EXAMPLE 12

STBPAF6-F resin of Example 7 was dissolved in toluene to yield a solution of composition 58.9% STBPAF6-F and 41.1% toluene. This solution was spin coated onto a silicon surface utilizing spin coating rates from 600 rpm to 2000 rpm for 60 seconds; and soft baked for 24 hours at 25° C. under vacuum. The samples were then exposed for 3 minutes of UV irradiation with a 300 watt mercury lamp employing an USAF Test Pattern and a quartz/water filter. The photocured polymer was then developed with toluene for 1 minute at 25° C. The air dried substrate was hard baked employing a cure cycle under vacuum of 25° C. to 238° C. ramp in 1 hour, held at 238° C. for 2.5 hours and then cooled to room temperature.

The film thickness and sidewall angle of the photocured polymer was analyzed utilizing a Sloan Technology Corporation Dektak 3030 profilometer.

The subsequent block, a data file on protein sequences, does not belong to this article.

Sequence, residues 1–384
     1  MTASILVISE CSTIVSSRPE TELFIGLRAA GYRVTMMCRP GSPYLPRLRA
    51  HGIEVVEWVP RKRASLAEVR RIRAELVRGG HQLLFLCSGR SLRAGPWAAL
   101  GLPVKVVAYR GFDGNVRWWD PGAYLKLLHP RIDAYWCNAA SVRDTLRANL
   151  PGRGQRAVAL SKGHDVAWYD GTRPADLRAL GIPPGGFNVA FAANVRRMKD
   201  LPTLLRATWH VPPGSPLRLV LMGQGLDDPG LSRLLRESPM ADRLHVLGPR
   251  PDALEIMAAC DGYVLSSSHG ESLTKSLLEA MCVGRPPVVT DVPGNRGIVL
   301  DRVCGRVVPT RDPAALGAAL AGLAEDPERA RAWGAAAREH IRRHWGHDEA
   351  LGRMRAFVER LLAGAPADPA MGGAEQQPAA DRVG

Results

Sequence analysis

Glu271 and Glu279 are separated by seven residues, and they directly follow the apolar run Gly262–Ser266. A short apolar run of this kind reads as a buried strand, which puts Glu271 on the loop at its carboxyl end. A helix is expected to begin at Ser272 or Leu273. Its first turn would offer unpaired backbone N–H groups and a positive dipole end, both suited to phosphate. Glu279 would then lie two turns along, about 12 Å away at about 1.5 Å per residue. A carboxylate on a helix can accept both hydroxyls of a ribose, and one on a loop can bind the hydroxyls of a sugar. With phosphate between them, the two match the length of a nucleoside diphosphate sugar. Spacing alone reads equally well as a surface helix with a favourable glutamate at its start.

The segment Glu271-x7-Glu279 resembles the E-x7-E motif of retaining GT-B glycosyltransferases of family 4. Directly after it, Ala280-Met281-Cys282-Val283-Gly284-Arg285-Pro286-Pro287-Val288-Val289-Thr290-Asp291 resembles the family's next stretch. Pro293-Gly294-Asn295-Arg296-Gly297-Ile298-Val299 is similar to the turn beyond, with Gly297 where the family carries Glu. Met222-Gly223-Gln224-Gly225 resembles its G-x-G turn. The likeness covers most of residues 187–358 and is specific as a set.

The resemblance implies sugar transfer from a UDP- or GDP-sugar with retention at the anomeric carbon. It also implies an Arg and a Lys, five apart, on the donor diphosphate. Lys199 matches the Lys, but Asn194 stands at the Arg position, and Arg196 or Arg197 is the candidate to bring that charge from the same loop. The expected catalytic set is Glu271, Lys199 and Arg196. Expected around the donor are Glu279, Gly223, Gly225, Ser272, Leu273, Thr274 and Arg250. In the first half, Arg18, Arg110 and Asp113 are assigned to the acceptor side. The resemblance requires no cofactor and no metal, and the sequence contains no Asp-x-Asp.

TABLE H______________________________________Spin Speed   Film thickness(rpm)        (μm)     Sidewall Angle______________________________________ 600         8.5         40 600         8.5         10 700         8.0         45 700         5.3         27 800         7.5         42 800         6.0          81000         7.0          41000         6.0          71000         6.0         271000         6.5         311500         6.0         181500         11.5        421500         3.5         152000         4.5         212000         2.8         252000         4.5         112000         4.2         28______________________________________
EXAMPLE 13